Reference Number: 113
When a combination of yeast and chemical leavening was used in bread, yeast was tolerant to moderate changes in pH but its gassing abilities were impaired when subjected to high pH (2 9.7). At the pH encountered in doughs containing NaHCO (~ 6.75), the yeast was about 90% as active as control dough (pH 5.5). A laboratory-scale, remixing scheme was developed to incorporate chemical leavening into yeasted doughs. Baking results indicated that the major factor affecting loaf volume was not pH, but rather the salts produced from the leavening reaction. The paper suggests that specific ions were detrimental to loaf volume and texture.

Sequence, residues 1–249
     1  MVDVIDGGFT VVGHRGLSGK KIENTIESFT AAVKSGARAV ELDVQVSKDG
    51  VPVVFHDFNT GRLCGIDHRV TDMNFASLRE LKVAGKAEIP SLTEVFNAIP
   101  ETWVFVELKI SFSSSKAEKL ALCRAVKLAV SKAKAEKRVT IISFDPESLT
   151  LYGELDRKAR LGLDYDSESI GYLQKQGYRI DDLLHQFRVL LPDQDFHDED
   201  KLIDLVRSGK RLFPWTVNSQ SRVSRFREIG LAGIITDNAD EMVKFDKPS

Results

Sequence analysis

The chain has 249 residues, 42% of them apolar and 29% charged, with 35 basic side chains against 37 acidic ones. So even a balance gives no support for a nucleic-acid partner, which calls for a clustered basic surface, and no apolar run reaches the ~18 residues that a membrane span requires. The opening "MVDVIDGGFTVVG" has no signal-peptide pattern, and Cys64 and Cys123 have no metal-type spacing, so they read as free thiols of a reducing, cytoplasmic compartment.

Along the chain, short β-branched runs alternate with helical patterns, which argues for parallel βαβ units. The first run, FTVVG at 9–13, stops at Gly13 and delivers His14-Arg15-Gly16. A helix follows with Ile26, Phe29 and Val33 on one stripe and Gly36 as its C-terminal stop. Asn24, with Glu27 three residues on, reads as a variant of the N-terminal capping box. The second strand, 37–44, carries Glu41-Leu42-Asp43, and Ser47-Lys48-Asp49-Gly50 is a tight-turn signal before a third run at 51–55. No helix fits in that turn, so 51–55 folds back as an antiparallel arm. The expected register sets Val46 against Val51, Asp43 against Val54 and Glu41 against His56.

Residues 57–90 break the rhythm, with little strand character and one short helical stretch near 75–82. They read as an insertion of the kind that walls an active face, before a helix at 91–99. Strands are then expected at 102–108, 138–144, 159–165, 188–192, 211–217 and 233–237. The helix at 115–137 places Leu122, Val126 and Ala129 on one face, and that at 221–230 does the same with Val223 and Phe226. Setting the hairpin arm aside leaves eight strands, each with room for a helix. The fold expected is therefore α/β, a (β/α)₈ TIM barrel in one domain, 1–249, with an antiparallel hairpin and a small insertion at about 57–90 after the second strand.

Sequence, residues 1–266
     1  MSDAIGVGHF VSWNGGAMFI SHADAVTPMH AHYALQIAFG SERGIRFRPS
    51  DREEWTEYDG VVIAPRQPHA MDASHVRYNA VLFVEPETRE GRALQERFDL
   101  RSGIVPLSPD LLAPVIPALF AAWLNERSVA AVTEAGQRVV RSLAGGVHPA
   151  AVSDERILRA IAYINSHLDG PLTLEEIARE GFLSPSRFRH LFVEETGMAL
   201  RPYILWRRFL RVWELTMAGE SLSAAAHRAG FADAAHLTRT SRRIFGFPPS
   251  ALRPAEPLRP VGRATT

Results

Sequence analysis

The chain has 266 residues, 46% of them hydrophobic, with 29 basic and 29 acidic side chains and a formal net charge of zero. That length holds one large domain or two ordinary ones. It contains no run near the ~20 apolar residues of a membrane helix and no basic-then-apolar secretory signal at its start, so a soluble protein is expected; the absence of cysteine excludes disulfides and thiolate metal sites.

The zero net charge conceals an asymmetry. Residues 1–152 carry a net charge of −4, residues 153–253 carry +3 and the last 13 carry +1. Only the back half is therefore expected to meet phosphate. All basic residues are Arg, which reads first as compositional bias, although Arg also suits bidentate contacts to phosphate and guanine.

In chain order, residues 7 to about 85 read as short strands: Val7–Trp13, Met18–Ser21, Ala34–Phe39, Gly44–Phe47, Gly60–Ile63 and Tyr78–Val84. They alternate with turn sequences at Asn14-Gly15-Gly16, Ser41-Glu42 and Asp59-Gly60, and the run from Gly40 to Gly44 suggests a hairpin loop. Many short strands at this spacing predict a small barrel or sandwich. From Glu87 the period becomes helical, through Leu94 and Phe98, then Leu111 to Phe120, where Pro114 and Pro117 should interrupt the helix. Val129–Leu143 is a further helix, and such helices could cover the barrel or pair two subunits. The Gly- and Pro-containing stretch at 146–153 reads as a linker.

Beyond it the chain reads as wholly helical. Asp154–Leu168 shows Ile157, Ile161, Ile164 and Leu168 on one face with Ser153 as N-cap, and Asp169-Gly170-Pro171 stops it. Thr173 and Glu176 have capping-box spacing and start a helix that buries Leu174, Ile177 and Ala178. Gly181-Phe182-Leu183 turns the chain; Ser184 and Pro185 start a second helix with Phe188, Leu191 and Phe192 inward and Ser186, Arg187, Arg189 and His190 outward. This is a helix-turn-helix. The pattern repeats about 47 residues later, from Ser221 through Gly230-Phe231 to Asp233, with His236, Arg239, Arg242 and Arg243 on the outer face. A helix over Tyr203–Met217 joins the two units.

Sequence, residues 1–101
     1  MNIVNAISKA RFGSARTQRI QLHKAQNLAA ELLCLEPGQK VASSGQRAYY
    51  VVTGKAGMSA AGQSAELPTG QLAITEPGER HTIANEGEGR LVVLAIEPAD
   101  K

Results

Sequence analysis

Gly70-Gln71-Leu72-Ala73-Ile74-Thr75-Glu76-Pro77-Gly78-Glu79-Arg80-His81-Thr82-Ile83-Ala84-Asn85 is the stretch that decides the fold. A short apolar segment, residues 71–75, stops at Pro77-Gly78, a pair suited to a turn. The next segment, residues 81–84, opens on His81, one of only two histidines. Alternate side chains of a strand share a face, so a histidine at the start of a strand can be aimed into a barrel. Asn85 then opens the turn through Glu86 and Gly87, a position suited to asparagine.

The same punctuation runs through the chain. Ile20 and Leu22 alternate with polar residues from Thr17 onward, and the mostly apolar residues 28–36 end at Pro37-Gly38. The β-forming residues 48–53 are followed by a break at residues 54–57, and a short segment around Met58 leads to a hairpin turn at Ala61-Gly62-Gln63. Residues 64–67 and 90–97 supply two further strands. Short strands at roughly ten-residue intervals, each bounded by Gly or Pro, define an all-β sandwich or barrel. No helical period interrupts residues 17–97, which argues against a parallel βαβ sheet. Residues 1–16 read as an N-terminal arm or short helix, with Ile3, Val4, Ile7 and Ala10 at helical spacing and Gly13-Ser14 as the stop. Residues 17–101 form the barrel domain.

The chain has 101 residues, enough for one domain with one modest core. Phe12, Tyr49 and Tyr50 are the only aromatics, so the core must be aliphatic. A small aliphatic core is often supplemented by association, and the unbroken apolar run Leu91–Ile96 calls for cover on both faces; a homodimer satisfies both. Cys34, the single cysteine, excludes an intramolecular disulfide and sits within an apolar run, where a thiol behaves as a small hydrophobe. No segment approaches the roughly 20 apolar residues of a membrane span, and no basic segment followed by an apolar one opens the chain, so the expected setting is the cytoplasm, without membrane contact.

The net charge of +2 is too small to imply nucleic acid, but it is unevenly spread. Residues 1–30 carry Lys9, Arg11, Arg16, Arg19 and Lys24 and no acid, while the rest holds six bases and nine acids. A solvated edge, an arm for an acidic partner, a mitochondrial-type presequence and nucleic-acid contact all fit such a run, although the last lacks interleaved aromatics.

SIGNIFICANCE OF THIS STUDY
The current study highlights the importance of salts and pH on the structural properties of bread. At the sourdough school we use unrinsed salts that are known to naturally have high levels of minerals such as magnesium sulphate, calcium sulphate and calcium carbonate. Sulphates in particular stabilises proteins within the flour by forming interactions and thereby help strengthen the dough structure. Sulphate salts have also been shown to have stronger dough strengthening properties compared to chloride salts and the combination of these unrinsed salts is probably what creates the most favourable sourdough bread in terms of texture and flavour.